bmuthen posted on Friday, August 20, 2004 - 1:17 pm
I would say that LCA cannot statistically determine that a latent variable is discrete rather than continuous. You can get the same fit with either type of model - some psychometric work points out this relationship. In my view, you really need "auxiliary variables", including distal outcomes (predictive validity) to help give credence for one or the other as the empirically more useful view.
I agree that LCA doesn't impose - or assume - a structure, but searches for it. I mean that in the sense that you increase the number of classes until you either have fit or it is clear that the conventional LCA model isn't sufficient - for example you need within-class correlations among some variables.
I would think it is clear that LCA is more useful than conventional cluster analysis.
I am not familiar with Meehl programs. I should read the Beauchaine article.
Could one speak of two distinct trajectory classes (GGMM) when these classes differ only by level (intercept) but not by linear slope (same decrease across both classes)--> parrallel growth curves? According to Li, Barrera, Hops & Fisher (2001) who had a similar result, I plan to label these groups by "Low-avergae" and "High-average". Both groups seem to be validated by various concurrent trajectories (LGMs) of other behavior, where I found growth-factor mean differences in accordance with theory.
Thanks! I predicted class membership of both trajectories of family climate by auxiliary T1 covariates like child temperament, gender and conduct problems. There were significant and theoretically meaningful associations. However, a reviewer is wondering what I am actually predicting, since both trajectory classes have the same slope. Is it valid to predict group membership of these kind of distinct growth curves (that differ only by level) by T1 covariates and what does it mean? What else could one do to validate this special kind of growth mixture solution (trajectories that differ only by level)?
I would like to use this 2 group solution as basis of a multiple group analysis targeting concurrent associated growth curves of problem behavior. Especially I'm interested in moderating effects of both family climate classes on covariances between growth factors of two problem behaviors. However, a reviewer also claimed, that it would be better to compute a mean level of family climate over the (5) waves and build "high" and "low"-groups on a distribution split of that score (since my two classes differ only by level). What would be an (statistical) argument to prefer my two class growth mixture solution for the purpose of multiple group building instead?
I try to stick with my GMM. However, could you, offhand, imagine another method for my research question that basically is: Are relationships (covariances between growth factors) in a multivariate LGM of 2 problem behaviors moderated by concurrent development of family climate (each variable measured over 5 waves)? Since I have short time effects between problem behaviors, a moderation of cross-lagged effects within the ALT-framework would also be of interest.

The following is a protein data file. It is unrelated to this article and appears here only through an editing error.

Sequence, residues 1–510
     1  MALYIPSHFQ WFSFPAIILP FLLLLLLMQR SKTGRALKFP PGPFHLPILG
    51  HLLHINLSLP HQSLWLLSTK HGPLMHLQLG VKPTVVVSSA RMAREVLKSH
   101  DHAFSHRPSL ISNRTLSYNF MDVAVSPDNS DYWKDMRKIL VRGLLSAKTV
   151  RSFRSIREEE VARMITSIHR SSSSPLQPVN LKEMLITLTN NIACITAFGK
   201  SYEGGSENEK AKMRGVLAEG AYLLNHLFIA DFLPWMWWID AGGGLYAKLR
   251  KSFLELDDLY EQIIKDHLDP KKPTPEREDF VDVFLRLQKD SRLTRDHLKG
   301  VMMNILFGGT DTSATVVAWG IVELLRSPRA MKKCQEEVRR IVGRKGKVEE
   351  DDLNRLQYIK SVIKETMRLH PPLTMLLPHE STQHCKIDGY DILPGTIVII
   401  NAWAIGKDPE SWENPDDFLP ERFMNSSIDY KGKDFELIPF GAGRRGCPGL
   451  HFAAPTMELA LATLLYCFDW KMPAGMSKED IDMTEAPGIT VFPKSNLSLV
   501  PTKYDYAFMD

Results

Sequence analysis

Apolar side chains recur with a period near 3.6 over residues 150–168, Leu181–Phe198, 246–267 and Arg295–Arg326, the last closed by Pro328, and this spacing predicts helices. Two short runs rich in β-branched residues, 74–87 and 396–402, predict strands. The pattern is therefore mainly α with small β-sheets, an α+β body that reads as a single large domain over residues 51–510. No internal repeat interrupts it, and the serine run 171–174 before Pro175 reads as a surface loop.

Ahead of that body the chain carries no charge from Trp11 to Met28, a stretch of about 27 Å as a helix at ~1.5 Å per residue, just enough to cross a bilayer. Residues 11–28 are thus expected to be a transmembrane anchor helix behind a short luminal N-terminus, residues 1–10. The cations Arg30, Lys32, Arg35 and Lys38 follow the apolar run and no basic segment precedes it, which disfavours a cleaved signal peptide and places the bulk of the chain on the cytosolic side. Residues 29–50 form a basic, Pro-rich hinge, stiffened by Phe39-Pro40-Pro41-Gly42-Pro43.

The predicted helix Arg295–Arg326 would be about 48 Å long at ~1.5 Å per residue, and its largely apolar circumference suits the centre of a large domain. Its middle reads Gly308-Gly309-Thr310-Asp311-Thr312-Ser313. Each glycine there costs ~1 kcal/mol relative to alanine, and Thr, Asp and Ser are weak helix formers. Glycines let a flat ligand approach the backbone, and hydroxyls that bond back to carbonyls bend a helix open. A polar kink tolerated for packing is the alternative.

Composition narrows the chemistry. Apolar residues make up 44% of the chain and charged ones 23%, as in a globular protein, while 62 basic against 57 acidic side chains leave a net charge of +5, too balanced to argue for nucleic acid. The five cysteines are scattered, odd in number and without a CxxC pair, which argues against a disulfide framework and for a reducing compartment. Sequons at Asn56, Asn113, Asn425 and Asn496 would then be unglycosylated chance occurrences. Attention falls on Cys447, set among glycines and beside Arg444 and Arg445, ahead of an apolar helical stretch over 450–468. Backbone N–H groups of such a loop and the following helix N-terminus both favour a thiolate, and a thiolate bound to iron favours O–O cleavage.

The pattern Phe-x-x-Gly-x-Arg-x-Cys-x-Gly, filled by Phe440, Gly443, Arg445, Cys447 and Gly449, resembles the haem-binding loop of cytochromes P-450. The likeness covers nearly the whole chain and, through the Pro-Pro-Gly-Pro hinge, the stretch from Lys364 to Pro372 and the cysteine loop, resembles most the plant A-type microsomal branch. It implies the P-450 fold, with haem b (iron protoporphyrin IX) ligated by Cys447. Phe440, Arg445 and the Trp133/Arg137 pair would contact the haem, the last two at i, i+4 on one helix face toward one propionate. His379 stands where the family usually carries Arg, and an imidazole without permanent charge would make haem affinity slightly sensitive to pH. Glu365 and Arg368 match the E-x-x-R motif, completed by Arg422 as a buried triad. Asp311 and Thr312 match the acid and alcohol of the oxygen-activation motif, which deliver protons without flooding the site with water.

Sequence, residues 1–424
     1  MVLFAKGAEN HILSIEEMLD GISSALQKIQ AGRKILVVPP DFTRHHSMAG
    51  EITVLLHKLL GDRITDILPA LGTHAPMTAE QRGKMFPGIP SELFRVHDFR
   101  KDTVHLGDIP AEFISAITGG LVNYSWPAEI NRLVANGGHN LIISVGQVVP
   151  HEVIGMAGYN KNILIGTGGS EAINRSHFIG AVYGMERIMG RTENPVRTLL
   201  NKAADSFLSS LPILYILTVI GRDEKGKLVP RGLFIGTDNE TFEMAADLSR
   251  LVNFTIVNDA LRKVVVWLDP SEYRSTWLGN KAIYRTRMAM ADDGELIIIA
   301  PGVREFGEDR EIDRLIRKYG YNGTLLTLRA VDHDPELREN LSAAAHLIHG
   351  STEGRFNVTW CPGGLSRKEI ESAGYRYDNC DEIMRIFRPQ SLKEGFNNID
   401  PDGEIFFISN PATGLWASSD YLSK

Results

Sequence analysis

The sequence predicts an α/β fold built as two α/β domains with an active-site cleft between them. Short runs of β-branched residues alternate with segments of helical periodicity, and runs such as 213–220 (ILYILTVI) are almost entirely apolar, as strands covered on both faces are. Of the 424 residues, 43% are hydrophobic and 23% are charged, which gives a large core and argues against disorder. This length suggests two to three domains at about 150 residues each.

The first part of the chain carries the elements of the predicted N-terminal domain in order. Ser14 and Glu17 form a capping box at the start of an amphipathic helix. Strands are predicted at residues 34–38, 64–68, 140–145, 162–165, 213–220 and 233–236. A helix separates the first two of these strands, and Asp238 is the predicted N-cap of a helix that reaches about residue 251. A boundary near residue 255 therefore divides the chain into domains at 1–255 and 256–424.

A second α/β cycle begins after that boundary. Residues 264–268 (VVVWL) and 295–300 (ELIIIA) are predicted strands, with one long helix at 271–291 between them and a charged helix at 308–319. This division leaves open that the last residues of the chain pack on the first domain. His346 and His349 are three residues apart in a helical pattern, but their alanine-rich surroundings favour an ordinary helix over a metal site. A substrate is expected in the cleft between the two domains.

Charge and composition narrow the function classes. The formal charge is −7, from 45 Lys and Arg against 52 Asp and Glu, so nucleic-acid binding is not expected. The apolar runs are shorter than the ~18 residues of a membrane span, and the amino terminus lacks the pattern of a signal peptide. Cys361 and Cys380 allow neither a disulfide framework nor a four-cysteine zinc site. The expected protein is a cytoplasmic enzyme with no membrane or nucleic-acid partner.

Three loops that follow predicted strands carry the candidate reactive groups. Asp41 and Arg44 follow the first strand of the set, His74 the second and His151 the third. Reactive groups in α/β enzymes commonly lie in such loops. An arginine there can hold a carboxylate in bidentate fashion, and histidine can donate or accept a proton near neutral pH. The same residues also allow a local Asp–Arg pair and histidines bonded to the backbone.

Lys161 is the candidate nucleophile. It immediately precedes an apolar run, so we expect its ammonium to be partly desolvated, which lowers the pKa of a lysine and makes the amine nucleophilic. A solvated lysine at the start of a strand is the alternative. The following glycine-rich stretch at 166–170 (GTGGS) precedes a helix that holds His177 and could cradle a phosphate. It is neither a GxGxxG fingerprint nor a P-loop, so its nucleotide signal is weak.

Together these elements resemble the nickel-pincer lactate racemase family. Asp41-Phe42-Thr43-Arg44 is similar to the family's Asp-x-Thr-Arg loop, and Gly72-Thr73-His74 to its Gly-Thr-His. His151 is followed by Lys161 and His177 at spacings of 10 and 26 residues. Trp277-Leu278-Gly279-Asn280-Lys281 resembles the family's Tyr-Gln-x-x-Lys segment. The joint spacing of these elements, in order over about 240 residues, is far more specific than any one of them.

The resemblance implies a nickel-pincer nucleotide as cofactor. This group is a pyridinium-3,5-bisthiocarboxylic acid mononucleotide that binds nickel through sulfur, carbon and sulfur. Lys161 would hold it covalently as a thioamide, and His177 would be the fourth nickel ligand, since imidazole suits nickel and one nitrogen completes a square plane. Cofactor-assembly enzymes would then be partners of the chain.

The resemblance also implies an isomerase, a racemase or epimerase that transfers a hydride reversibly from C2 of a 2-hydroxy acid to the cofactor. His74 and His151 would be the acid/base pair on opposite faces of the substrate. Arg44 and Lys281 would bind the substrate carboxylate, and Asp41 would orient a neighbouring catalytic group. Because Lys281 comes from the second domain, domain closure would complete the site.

I thought this can be best done by multiple group modeling of the multivariate (ALT-)LGM and family climate groups of development thereby created by GMM. But, as I already mentioned, reviewers are not very convinced of both high and low average groups.
So if there would be an alternative way of analysis, I wouldn't mind. The only thing that came up to my mind, until now, is splitting the distribution growth factor scores of family climate, derived from a single class LGM. But that seems also very arbitrary and I wouldn't know how to combine intercept and slope score distribution splits to establish meaningful groups of development for multiple group analysis.
I don't know enough about your substantive situation to advice well. If your key question is about how the covariance between growth factors for two different processes is moderated by a third process, that's a quite complex question to model. And one could argue that adding GMM for the third process to the mix is making it too complex - from that angle the reviewer comments are reasonable, keeping it more transparent.
One interesting way to model a covariance as a function of an observed moderator is the CONSTRAINT = moderator; option of the VARIABLE command. See the QTL ex 5.23 in the UG.
Thanks, once again. I'm using GMM not as part of the multivariate LGM, but most likely class membership as grouping of the multiple group multivariate LGM (classification quality was high enough). So, model complexity was not a problem. I think I try to stick with that, but thank you for your opinion.
I have one last question. Another paper used LCGA to find groups of family climate used as moderator, and groups had different slopes in addition to different levels (easier to interpret as compared to my case). However, these models fitted considerably less well to my data as compared to GMM. Would it be correct to argument that GMM in my case provides a better (more reliable) longitudinal cutting method than LCGA (just for the purpose of finding longitudinal high vs. low groups), because it fits better to the data (albeit interpretability is lower due to variance around both trajectories, that seems to soak up ?artificial? class differences with respect to the slope).